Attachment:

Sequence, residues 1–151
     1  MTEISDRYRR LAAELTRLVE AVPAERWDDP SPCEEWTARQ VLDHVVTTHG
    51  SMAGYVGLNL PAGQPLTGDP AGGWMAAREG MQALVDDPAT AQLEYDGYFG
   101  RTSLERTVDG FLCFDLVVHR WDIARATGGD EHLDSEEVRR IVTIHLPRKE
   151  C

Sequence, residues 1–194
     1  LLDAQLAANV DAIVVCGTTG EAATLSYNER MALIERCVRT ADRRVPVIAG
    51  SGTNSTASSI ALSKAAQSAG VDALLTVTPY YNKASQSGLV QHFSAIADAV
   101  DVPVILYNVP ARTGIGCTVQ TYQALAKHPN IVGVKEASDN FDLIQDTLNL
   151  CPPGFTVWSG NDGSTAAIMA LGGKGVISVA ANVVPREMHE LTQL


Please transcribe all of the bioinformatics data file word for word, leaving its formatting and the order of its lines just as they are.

Sequence, residues 1–151
     1  MTEISDRYRR LAAELTRLVE AVPAERWDDP SPCEEWTARQ VLDHVVTTHG
    51  SMAGYVGLNL PAGQPLTGDP AGGWMAAREG MQALVDDPAT AQLEYDGYFG
   101  RTSLERTVDG FLCFDLVVHR WDIARATGGD EHLDSEEVRR IVTIHLPRKE
   151  C

Sequence, residues 1–194
     1  LLDAQLAANV DAIVVCGTTG EAATLSYNER MALIERCVRT ADRRVPVIAG
    51  SGTNSTASSI ALSKAAQSAG VDALLTVTPY YNKASQSGLV QHFSAIADAV
   101  DVPVILYNVP ARTGIGCTVQ TYQALAKHPN IVGVKEASDN FDLIQDTLNL
   151  CPPGFTVWSG NDGSTAAIMA LGGKGVISVA ANVVPREMHE LTQL